The end of the chain
The current market of malware – especially the branch dedicated to banking Trojans and theft of financial data – has evolved into two main paradigms:
– Closed organizations, very secretive groups in charge of managing all stages of the fraud process. They are behind the most advanced Trojans, like Sinowal.
– Opaque decentralized networks, where no real communication exists between the “cells” or nodes of the criminal network. In addition, no one is at the helm, and the cells have a high degree of independence. This way, the last links of the distribution chain are almost or completely unaware of what’s going on in other parts of the structure, and shutting down or arresting one of the components has little impact on the rest of the network.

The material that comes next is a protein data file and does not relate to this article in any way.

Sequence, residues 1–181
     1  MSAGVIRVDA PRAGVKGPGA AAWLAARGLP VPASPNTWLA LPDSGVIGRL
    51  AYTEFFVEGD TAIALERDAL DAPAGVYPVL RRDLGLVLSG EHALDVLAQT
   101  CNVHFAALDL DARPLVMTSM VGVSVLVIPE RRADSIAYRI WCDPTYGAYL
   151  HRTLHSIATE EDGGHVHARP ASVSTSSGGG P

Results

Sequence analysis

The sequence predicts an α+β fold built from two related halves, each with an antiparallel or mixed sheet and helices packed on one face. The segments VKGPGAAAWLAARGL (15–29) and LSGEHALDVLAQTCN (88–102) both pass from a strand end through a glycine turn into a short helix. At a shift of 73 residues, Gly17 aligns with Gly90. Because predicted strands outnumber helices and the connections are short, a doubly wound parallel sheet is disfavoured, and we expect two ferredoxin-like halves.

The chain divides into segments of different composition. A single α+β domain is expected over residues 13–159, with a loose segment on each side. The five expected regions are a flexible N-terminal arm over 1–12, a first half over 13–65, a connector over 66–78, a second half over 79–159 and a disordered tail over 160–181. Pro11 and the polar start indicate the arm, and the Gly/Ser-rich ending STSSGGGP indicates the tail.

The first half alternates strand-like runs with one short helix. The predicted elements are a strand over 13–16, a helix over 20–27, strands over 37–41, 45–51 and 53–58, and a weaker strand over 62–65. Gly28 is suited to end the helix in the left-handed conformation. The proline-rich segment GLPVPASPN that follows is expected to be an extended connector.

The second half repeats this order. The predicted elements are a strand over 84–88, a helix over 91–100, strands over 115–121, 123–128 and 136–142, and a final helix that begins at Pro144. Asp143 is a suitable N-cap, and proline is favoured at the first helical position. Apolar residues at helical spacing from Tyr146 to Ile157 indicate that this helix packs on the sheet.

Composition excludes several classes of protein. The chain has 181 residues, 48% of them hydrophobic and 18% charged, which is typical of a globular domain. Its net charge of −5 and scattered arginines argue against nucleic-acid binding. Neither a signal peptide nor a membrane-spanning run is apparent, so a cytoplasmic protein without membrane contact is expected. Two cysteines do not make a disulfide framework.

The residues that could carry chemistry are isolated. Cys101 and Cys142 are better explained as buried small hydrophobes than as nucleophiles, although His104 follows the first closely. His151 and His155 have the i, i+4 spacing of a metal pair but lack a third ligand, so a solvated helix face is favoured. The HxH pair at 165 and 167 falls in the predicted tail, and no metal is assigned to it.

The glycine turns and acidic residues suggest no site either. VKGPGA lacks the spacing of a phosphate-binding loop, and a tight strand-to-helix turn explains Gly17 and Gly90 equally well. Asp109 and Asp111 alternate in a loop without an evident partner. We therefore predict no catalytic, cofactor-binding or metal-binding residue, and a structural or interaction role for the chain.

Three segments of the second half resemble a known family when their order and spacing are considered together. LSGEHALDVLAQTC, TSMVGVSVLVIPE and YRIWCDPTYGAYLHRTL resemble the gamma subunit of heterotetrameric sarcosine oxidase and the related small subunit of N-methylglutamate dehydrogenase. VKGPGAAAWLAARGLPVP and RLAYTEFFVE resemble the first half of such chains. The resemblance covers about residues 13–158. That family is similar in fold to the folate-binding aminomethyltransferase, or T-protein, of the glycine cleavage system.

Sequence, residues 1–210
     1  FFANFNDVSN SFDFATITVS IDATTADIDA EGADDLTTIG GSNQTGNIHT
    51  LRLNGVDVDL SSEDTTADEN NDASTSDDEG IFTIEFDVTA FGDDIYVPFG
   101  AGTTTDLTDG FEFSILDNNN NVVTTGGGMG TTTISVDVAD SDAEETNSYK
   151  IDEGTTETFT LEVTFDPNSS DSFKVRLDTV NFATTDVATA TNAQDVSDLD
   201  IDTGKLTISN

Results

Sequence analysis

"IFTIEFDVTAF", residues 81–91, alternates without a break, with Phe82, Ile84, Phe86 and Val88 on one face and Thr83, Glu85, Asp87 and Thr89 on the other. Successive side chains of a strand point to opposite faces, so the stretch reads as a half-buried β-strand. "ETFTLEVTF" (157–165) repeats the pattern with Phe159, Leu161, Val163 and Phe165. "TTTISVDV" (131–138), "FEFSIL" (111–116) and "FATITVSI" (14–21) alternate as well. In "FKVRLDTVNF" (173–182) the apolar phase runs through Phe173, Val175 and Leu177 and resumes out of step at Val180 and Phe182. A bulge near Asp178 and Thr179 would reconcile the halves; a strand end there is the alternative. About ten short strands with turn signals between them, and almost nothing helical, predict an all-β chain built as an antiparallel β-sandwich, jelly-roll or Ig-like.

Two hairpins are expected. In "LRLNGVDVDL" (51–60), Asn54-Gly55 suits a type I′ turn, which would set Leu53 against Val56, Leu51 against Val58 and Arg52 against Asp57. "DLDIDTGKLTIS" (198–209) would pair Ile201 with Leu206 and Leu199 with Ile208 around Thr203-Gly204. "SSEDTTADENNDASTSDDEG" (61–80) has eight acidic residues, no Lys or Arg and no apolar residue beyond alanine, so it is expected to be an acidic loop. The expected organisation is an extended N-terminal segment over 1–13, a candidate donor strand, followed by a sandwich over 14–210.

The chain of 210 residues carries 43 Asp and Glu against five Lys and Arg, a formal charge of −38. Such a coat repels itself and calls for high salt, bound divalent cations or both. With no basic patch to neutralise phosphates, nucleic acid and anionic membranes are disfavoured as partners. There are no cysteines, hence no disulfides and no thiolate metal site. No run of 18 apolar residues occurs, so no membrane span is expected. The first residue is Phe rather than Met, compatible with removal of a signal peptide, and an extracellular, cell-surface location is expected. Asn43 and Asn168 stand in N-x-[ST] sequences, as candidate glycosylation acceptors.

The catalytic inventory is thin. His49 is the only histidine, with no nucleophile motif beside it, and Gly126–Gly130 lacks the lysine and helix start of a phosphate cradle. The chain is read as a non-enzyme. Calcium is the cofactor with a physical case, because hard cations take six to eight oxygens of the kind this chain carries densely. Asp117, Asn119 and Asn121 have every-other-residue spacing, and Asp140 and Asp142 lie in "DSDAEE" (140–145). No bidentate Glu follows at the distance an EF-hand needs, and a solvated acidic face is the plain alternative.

The second model is the most successful one.
No doubt we all remember the DarkMarket case, a well-known, FBI-operated underground forum where all kinds of illicit items were traded. There are many examples of this type of forum. Ghostmarket used to be one of them. Focused on England, it was specialized in bank credentials and card information exchange. This forum once enjoyed great popularity among rookie scammers, many of them quite young, who saw in it a chance to make a quick buck while covered by a cloak of immunity – they thought the police wouldn’t lift of finger for petty crimes like theirs.
Nevertheless, it has been recently disclosed that Ghostmarket was broken into in early July.
In relation to this – or maybe not – two further arrests have recently been made. This time, the criminals were linked to a Zeus botnet.
The assumed immunity was only that – assumed. Some of these youngsters have even ordered goods paid with stolen credit cards to be delivered home – their real home.
I hope that from now on, if not morals, then at least fear can help appease the greed of these newbies who make up the end of the chain, the last and least protected part of the criminal network.